Cardoso (1995-2002): from conservative to liberal political economies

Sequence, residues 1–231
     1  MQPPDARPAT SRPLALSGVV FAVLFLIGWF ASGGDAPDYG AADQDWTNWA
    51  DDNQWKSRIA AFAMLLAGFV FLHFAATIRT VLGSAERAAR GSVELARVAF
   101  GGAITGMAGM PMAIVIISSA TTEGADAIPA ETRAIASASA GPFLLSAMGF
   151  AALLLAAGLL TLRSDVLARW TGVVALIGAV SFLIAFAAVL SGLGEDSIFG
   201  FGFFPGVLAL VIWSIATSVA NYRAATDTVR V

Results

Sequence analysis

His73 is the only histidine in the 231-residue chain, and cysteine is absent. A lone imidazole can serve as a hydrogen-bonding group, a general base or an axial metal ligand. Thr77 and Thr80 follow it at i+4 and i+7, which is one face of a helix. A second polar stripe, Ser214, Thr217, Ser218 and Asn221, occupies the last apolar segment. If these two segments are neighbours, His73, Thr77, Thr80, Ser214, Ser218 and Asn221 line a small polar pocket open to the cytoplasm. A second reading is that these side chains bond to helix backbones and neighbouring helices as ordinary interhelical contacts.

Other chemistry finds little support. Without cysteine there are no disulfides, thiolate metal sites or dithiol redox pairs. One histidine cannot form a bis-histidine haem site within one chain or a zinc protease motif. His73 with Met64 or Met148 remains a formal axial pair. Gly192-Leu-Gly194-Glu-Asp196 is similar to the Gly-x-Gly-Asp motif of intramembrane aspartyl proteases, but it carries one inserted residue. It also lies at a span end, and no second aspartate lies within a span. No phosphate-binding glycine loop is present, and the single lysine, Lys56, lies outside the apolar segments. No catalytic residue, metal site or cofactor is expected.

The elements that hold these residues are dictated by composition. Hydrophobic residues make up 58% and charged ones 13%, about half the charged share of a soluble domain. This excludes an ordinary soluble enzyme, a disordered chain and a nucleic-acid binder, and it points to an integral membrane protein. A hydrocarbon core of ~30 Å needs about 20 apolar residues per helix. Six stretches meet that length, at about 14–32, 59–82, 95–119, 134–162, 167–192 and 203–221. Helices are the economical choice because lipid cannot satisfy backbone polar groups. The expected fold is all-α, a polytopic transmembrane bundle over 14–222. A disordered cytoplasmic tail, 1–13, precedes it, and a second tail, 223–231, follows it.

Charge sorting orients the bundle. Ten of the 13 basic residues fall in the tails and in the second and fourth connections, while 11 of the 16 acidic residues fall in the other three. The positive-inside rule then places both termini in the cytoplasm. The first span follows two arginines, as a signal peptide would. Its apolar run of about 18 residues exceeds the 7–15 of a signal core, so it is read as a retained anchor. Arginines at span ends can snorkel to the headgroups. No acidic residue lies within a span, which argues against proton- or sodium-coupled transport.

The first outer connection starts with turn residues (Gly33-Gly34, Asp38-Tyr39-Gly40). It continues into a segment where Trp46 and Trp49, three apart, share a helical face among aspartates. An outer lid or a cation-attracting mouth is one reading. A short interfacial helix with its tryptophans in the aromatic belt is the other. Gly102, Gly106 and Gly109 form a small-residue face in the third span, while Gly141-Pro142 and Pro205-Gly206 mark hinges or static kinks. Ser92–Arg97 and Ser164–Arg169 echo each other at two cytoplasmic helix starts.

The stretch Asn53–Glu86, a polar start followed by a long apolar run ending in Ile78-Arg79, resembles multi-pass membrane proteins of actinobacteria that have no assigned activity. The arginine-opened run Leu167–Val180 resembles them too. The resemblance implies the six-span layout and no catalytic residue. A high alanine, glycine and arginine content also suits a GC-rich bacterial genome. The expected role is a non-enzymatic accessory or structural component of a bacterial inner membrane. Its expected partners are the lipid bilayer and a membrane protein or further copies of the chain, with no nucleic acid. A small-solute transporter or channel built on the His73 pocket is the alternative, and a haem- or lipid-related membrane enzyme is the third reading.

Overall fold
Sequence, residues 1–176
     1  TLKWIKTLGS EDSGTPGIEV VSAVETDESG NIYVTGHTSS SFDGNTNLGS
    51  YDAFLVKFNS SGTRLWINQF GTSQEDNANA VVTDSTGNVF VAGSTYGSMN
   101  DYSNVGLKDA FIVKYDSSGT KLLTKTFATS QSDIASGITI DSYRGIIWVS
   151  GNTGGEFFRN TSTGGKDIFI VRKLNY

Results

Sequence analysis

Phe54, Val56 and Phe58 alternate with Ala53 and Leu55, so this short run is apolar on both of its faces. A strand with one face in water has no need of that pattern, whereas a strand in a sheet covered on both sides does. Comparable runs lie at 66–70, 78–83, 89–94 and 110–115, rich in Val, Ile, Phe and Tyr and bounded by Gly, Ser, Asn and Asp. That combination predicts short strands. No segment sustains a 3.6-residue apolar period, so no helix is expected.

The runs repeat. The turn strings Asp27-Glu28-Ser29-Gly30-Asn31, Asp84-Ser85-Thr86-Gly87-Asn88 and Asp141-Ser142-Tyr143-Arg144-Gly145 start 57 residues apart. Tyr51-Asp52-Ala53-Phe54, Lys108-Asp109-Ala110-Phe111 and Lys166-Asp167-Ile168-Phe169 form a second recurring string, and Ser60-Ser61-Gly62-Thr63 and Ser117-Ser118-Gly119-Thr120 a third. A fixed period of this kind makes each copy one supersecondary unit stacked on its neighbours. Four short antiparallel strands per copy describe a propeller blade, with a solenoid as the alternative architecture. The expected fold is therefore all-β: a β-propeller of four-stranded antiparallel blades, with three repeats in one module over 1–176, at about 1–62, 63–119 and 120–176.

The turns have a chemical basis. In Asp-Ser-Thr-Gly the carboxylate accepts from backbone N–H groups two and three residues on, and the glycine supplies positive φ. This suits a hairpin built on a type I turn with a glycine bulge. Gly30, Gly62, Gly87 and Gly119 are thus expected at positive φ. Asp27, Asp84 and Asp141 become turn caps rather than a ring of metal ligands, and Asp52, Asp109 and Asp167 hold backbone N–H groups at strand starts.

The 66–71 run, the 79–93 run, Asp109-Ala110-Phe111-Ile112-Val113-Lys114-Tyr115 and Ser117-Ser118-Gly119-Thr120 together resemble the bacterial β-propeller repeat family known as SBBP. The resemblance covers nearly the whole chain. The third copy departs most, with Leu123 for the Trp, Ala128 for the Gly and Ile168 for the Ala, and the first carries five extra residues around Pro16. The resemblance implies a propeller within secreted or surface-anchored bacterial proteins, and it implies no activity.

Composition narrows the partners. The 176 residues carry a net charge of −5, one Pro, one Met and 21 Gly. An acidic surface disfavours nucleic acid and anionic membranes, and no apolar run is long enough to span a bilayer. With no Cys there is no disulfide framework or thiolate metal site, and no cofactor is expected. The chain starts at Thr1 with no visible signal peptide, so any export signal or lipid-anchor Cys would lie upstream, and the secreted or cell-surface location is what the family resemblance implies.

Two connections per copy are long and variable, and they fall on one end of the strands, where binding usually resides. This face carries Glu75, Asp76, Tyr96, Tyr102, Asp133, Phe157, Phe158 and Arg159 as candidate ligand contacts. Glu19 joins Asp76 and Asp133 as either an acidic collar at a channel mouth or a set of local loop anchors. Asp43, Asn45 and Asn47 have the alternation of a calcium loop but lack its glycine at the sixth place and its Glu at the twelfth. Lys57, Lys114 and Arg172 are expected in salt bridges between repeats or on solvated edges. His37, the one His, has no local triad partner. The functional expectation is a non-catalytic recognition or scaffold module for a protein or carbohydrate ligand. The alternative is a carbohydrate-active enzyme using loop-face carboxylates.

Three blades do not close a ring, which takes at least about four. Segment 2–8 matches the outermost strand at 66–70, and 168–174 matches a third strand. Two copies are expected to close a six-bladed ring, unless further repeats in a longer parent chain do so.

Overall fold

Franco became president in December 1992, with a deep economic crisis, and a high inflation rate. When he was vice-president, he had criticized Collor’s market reforms, but after some months of transition (he fired two different economy ministers), in April 1993 he chose a new economy minister: the former dependentista scholar of the Cepal, Cardoso, who in the meantime had turned moderate. In July 1994, Cardoso launched a new currency (Real) with an exchange rate pegged to the dollar, cuts to fiscal expenditures and liberalization of the interest rate. Cardoso was trying to imitate Cavallo’s conservative political economy, with a moderate (and heterodox) application of laissez faire. His reforms were quite successful and inflation was brought under control. Cardoso was a good negotiator and maintained intense network of ties with the industrial business, until new presidential elections could take place. In October 1994, Cardoso defeated Lula in the elections and became president in January 1995. As he did not reach the majority in the congress, and parties were obstructing laissez faire (public administration reform, tax increases, trade opening…), he formed a coalition government with moderate left and right. In October 1998 Cardoso defeated Lula again in the presidential elections, and in December he signed an agreement with the IMF. Brazilian economy was put under stress by the Russian and Asian crises. In January 1999, Cardoso devalued the real and applied a liberal (without heterodoxies) political economy. Brazil’s economic performances worsened, but without any deep crisis. In September 2001, there was another agreement with the IMF (Kaufman Purcell & Roett, 1997; Resende Santos, 1997; De Souza, 1999; Goertzel, 1999; Amann & Baer, 2000; Power, 2001/2; Weyland, 2002, Samuel 2003, Treisman 2004, Cason 2007). Cardoso has been quite coherent in economy. As a sociologist, he had been leftist (first radical, then moderate), but Brazilian electoral competition (against Lula) pushed him to conservatism, as his social policies remained weak; after 1999 devaluation, he turned to orthodox liberalism. In October 2002, Lula finally won the presidential elections.